The final grade will be based on several written exercise (30%), two quizzes (20%), three 3-4 page essays (30%), and very active class participation (20%).

Check Times, Location, and Availability Cost: No Data Given. Waitlist Code: No Data Given.

FRENCH 350. Special Topics in French and Francophone Studies.

Cultural and Literary Studies

Section 001 – Francophone Caribbean Literature: Reading Dany Laferrière's texts.

Instructor(s): Frieda Ekotto (ekotto@umich.edu)

Prerequisites & Distribution: FRENCH 235, and 2 courses numbered between FRENCH 250 and 299. (3). (HU). May be elected twice for credit.

Credits: (3).

Course Homepage: No homepage submitted.

This course examines time and space in the writing of Dany Laferrière. He was born in Port-au Prince in 1953 and currently lives in Miami. His writing career began in Quebec with the novels Comment faire l'amour avec un Nègre sans se fatiguer (1985), Éroshima (1987), L'odeur du café (1991), Le goût des jeunes filles (1992); Cette grenade dans la main du jeune Nègre est-elle une arme ou un fruit? (1993), and Chronique de la dérive douce (1994). These novels deal with the immigrant experience of racial difference, degradation, and exclusion. In this course, we will concentrate on questions of race, class, and gender, as well as issues of sexuality and politics. During the semester, Dany Laferriere will come to the class to discuss his work with us.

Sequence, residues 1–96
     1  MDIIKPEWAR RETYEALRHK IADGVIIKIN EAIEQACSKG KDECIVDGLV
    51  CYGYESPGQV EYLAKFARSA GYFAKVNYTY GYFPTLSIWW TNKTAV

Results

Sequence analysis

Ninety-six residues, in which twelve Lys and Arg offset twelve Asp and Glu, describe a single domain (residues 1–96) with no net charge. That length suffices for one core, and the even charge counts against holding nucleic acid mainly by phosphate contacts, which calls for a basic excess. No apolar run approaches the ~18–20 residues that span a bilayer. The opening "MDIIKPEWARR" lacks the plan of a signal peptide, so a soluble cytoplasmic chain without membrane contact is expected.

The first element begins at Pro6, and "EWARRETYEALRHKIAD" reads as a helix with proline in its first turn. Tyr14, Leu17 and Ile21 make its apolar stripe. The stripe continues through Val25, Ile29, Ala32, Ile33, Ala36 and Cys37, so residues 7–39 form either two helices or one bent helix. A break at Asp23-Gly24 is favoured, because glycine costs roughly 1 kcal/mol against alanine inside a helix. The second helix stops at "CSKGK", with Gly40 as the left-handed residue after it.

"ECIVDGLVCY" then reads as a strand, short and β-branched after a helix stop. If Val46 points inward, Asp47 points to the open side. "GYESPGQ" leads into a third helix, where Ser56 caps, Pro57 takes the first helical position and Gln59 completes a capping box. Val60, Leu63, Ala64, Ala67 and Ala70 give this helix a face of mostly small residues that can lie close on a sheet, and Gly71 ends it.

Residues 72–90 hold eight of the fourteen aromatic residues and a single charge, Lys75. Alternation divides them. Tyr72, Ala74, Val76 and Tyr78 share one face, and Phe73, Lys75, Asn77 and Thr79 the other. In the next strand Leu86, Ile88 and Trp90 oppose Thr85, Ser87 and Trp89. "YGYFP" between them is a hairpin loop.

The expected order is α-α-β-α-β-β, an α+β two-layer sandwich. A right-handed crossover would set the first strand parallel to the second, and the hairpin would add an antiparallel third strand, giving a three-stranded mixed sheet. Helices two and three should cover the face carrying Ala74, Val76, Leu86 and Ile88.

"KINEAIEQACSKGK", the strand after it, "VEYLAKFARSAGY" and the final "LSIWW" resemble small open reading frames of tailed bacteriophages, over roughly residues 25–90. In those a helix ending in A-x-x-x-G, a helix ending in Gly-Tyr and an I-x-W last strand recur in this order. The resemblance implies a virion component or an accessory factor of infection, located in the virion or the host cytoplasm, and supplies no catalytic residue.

Check Times, Location, and Availability Cost: No Data Given. Waitlist Code: No Data Given.

FRENCH 369. Literature, History, and Culture of Modernity.

Cultural and Literary Studies

Section 001 – Paris, Capital of the 19th Century.

Instructor(s): Michele Hanoosh

Prerequisites & Distribution: FRENCH 235, and 2 courses numbered between FRENCH 250 and 299. (3). (HU). May be elected twice for credit.

Credits: (3).

Course Homepage: No homepage submitted.

French 369

Winter 2003

Michèle Hannoosh

Paris, Capital of the Nineteenth Century